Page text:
purchase in my mind and soul.

CLOSE ENOUGH TO HEAR

We sit around the small tables
glad to be out of the sun
whose midday glare seems
to blind the drivers slowly
approaching the Jetty Park lot.

A family chatters, the children
laughing at nothing, at everything,
and nearby a dog lays out
dreaming of a good walk
and dinner, hoping for scraps.

We can hear the water
of the inlet, the waves breaking
onto the beach, visuals left
to our imaginations, but we
are satisfied with that, and
the fact that our tacos here
are far more reasonable with the
“without the view” discount.

IMMIGRATION

When you got off the boat
you must have been scared,
but getting away from that life
made the fear bearable.

I have no idea how you ended
up in West Virginia, it wasn’t
at all like Lithuania, and Jews
might have had two heads I imagine.

But you all made do, made
a community, invited others
and were tolerated if odd,
and I am certain you wonder

what happened, why now those
or their children’s children’s
children are so willing to shun
others whose only sin, like yours,

was wanting to get away
from horror, from persecution,
from fear, and make a life
in the hills of West Virginia.

ON THE MESA

On the mesa you can step outside
and look up at the sky,
clouds building mountains
that threaten to eat the sun,
swallow the moon whole.

On the mesa you can step outside
and feel incredibly small,
listen to the coyotes with
the ears of scared children,
unable to run like the jackrabbit.

On the mesa you can step outside
and look up at the sky,
more stars than are possible,
and listen as the wind
whispers in the voice of God.

HOME?

The news, online and on paper,
is replete with stories
about adult children moving
back in with their parents,
whether because of the pandemic,
or other circumstances, always
expecting they will
have a room at the ready.

Perhaps it is why we
chose to have no spare rooms,
sort of a preemptive strike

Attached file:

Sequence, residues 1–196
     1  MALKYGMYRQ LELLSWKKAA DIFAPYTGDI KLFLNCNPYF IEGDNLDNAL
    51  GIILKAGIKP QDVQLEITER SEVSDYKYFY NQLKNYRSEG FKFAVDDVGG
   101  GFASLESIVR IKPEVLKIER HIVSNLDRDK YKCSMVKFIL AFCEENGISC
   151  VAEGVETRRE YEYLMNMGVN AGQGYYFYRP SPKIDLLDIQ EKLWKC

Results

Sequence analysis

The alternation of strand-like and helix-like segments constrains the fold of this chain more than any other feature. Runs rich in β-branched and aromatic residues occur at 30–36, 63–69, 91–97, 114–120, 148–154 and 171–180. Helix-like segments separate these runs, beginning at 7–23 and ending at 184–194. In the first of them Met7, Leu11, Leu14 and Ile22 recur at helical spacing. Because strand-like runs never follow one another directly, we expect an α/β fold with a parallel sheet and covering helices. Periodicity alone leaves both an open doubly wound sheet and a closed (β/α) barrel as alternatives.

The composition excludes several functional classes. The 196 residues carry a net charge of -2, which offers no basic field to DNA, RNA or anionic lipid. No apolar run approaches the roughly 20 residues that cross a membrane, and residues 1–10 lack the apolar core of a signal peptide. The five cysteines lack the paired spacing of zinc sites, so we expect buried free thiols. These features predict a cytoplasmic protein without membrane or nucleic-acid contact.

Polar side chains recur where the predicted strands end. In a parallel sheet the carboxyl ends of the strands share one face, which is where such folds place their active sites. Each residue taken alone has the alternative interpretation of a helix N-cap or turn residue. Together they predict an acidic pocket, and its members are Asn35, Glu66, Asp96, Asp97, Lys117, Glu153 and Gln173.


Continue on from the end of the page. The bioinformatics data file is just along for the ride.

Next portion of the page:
against an ill-conceived return.

But as my cohort ages,
I wonder if all too soon
those news sources online,
since papers will likely
be gone, will feature stories
about older parents
moving in with their children,
rooms available or not.

BECAUSE, JUST BECAUSE

The cat is stalking around the house, wary. She gets this way after coming back from the vet. She actually likes the vet, and not only for the treats she gets, and the pawdicure. But she must stalk and be wary so we will be remorseful for having taken her to the vet. And she knows we will be, given enough time and back turning. We are so predictable. She wonders if we were like that with our children when they were young. Probably, but we must have forgotten. So she will go on with our training, for a cat must bend humans to her will. That is an unwritten law of nature.

PERSPECTIVE

It will soon enough be time again,
I am an old clockface on a tower
at which no one but the truly bored
bother to look, tucked in a corner
of a village half empty, its life
moved away to places cooler,
less stormy. So I sit and watch
what life remains around me,
the few children wishing they
could be elsewhere, some parents
wishing they had used birth control.
No one looks, no one really cares
but I have little choice, it is my fate
to mark passages, entrances,
but my hands are growing tired
and at some not far off point
they will stop moving, and I
wonder if anyone will care.

CHRISTMAS

It isn’t my first Christmas
although almost so, that
part of me hidden for half
a century, its twisted discovery
filling a hole that I never
knew existed, yet always knew.

This is the strangest Christmas,
a time of gathering, now
in isolation, only pixels
and prayers on a too flat screen,
and it is hard, in times
of want and suffering, to recall
why we celebrate this day.

A child was born, and now
countless others will be,
and it is only the children
that recall his message, and
truly understand peace.